As I am sure is true of most people at university, my first year was spent becoming unfit. Sure, I studied, I went out, but the combination of frequent hangovers, my lack of culinary abilities and the fact that, even as a Halifax student, the longest I ever had to walk for a lecture was 10 minutes meant that my sporting abilities, never the best anyway, plummeted to an all time low. Sport at university was something that I saw on 22 Acre Field as I trudged along the path from Halifax to campus.
So to second year and a new start. My sporting outings had been restricted to a few games of rugby at school, so I was looking to start something new. Fencing meant missing Tuesday at Toffs but this was something I could live with. So, along with my housemate Chris, who had been responsible for most of the hangovers mentioned above, I went along to see if it was any good.
To be honest, I didn’t really know what to expect; my sole impression of the sport was from a scene in the James Bond film Die Another Day. The first thing I did learn was that being a left hander, I would annoy absolutely everyone I fenced against. So that was a good start. It also made it more difficult to practise the moves taught as my brain had to reinterpret the move for a left hander. On the plus side, it did confuse all of my opponents, which was certainly an advantage.
That said, once the various moves were learned and honed, it began to be really good fun. There is nothing like trying to hit someone with a sword to bring out the medieval knight in you. As manouvres were taught and gradually understood, bouts began to look more professional (rather than just the free-for-all sword-swinging that characterised the first few weeks).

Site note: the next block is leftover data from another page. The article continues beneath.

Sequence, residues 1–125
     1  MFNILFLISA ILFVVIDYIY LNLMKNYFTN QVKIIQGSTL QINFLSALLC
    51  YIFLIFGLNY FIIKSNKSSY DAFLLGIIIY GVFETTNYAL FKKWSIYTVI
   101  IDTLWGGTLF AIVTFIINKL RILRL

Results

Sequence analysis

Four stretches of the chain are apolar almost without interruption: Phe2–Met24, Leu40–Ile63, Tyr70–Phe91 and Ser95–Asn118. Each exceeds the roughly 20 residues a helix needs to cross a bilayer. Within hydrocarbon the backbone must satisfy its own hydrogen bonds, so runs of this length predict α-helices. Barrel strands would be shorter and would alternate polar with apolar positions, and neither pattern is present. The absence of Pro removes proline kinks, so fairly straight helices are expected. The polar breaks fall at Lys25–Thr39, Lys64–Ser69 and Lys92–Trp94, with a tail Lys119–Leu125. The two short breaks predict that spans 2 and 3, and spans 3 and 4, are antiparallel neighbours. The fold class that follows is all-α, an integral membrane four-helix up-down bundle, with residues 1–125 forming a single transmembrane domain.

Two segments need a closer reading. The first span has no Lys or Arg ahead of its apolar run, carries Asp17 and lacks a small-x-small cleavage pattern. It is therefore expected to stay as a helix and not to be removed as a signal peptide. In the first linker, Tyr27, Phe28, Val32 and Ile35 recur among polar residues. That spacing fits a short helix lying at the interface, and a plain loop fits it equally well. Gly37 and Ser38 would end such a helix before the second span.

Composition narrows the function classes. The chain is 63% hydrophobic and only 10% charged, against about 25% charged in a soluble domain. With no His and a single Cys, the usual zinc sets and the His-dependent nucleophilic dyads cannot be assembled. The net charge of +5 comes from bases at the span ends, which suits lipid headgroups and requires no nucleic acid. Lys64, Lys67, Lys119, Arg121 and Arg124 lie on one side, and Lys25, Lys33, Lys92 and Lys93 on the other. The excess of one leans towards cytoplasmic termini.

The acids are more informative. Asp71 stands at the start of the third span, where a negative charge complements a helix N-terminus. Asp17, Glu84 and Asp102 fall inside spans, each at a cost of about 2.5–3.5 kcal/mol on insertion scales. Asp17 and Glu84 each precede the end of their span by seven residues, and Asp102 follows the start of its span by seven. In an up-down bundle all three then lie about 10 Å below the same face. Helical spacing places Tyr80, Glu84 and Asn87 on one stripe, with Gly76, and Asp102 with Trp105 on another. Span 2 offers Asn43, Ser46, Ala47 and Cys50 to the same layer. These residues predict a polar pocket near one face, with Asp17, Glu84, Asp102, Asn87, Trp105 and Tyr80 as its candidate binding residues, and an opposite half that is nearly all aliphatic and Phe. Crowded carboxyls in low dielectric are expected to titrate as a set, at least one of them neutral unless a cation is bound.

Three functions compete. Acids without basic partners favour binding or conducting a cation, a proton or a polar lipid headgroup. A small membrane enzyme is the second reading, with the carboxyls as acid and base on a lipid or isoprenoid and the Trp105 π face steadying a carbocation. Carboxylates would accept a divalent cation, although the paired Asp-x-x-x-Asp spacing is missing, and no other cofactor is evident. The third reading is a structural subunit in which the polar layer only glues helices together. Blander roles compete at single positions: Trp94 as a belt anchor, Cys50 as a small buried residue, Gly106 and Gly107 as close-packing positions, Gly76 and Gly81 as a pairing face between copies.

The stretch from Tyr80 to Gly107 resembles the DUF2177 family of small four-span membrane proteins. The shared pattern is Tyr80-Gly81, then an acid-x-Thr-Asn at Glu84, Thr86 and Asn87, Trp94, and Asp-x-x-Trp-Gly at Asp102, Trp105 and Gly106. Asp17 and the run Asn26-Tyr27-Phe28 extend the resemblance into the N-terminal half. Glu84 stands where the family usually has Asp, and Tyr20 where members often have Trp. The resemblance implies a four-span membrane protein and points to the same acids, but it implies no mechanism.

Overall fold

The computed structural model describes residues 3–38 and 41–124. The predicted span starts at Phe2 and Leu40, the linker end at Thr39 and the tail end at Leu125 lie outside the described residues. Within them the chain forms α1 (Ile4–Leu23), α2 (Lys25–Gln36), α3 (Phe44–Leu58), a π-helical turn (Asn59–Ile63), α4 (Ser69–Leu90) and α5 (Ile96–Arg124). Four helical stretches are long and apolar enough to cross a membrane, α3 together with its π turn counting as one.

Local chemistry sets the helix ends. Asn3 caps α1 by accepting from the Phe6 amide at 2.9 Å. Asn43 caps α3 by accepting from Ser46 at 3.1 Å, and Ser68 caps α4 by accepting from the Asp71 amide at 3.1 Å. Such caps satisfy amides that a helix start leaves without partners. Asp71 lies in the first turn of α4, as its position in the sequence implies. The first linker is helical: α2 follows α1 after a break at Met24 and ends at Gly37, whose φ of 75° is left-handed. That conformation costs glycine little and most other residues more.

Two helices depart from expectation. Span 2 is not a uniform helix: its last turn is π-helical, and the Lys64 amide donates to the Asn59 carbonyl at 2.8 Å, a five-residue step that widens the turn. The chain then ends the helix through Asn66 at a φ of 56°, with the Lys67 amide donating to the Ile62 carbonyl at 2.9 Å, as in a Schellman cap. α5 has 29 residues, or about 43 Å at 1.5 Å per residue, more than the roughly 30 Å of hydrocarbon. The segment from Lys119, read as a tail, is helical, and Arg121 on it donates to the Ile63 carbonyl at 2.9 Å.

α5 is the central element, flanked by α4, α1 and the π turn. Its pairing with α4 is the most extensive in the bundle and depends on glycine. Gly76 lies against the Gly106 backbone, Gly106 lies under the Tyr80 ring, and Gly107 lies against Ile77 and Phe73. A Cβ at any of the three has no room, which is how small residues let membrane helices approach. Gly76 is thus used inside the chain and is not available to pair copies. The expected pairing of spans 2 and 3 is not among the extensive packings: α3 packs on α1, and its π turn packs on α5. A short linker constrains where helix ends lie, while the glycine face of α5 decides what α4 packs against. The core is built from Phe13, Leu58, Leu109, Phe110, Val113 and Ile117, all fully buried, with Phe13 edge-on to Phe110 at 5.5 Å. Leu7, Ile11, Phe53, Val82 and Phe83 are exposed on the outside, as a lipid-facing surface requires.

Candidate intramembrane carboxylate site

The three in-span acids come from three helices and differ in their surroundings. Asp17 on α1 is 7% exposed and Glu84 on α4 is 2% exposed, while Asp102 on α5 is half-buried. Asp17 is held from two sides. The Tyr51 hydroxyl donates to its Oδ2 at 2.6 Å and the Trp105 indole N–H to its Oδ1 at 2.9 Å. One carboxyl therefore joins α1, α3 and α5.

The end of term provided an opportunity to bring out the competitive side in all of us with the beginners’ tournament. It was with some relief that I made it past the first round and I was beginning to feel rather confident about my chances. After all, I had won two out of my first four matches in the heats and I had continued to use my trump card, being left handed, to very good effect.
Sadly, it didn’t last and I was soon knocked out. This was while my housemate Chris went the whole way and won the tournament, leaving me with nothing but a drink owed to him.
What was best about the whole experience was the fact that it gave an insight into a minority sport. Fencing is barely mentioned in the national sporting press. Even though I am now familiar with some of the nuances of the sport I still cannot think of a single well-known fencer. Whilst this article is not intended to be a blanket advocation of the Athletics Union, the AU does provide a great opportunity to try out sports that usually fall under the sporting radar. It also became a great way to get fit. It may not look it to the untrained eye, but two hours of fencing is an absolutely knackering workout, but at the same time pretty good fun.